On this day in 1776, the British executed Captain Nathan Hale for espionage, creating America’s first widely acclaimed martyr and in a letter to his brother, Washington wrote: “The Dependence which the Congress had placed upon the Militia, has already greatly injured, and I fear will totally ruin our Cause;” in 1777, Lieutenant-colonel Richard Varick wrote to Major General Schuyler, “Gates seemed to be piqued that Arnold’s division had the honor of beating the enemy on the 19th; This I am certain of: Arnold has all the credit of the action…Benedict Arnold wrote to Horatio Gates, “ridiculous light of presuming to give orders I had no right to do and having them publicly contradicted.” and in 2001, the Saratoga County Veterans Monument dedication is conducted at the Saratoga National Cemetery with thousands of guests attending; the program includes talks by Bishop Howard Hubbard, New York State Lieutenant Governor Mary Donohue, Congressman John Sweeney, and Town of Saratoga Supervisor Bob Hall, Schuylerville Central School Band plays music for the event and Annina Rabbit sings the National Anthem and America The Beautiful.

On this day is a chronological timetable of events that occurred on this day in history around the Town of Saratoga. Discover what happened today in local history by subscribing to our blog at https://historianatsaratoga.wordpress.com/

(Thank you to Deputy Historian Patricia Peck and Town Supervisor Thomas Wood for compiling information for this timetable.)

September 22

Saratoga Monument

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The Saratoga Monument is situated on a high bluff, 250 feet above the Hudson River overlooking the surrounding villages, farms, and countryside. From its top may be seen Lake George to the north, the Green Mountains to the east, and the Catskills to the south.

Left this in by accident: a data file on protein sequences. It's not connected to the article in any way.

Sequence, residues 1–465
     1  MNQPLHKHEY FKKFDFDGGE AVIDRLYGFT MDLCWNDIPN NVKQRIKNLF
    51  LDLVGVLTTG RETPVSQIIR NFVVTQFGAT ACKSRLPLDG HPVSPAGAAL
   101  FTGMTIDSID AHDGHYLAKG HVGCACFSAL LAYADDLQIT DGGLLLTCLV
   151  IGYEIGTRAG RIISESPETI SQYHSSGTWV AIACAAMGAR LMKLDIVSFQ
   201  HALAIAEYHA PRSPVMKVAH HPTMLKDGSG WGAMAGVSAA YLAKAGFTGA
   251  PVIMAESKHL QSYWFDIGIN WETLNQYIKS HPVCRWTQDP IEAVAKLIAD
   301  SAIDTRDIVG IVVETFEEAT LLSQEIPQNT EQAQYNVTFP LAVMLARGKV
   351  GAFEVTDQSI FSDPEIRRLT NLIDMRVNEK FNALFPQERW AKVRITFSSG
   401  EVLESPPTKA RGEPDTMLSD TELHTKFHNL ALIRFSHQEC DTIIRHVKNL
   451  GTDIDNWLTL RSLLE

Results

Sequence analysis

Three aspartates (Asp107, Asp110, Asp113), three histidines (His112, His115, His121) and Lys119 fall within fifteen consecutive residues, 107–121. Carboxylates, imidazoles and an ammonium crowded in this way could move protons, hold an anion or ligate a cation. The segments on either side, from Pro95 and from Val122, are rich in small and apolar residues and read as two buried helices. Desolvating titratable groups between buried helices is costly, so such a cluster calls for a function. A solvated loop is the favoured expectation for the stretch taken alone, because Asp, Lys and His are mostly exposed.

The Saratoga Monument Association (SMA) was incorporated in 1859 to plan the monument’s construction. The SMA chose the site, because the bluff provided views of the villages of Schuylerville and Victory and the surrounding countryside. The SMA also recognized that the land was part of General Burgoyne’s final encampment and defenses prior to his surrender. The site was adjacent to a newly designed memorial landscape, Prospect Hill Cemetery. The monument’s cornerstone was laid in 1877 during centennial celebrations of the Saratoga battles, and Burgoyne Street was improved as an avenue to better connect the villages with the monument site and the cemetery. The capstone was set in place in 1882, and the formal landscape design was installed in 1897 including a system of gravel footpaths and a carriage road. The ground was seeded with timothy, clover and rye seeds, and an allee of elm trees enclosed the carriage path. Cannons were placed on the grounds beginning in the 1880s. The site’s formal landscape and that of the neighboring cemetery enhanced the monument’s impact and meaning. The landscape provided carriage and strolling paths, open lawn, and large trees that provided visitors with many different views and experiences of the monument.

The Saratoga Monument is by far the most significant and conspicuous location within the Town of Saratoga. A 155-foot obelisk erected to memorialize the campaign that culminated in British capitulation, the monument is located on a parcel of Saratoga National Historical Park in the village of Victory that was chosen largely because of its commanding view.

The Saratoga Monument is opened most weekends in the summer and limited times in the fall. For details on Monument please visit http://www.nps.gov/sara or call 518 670-2985.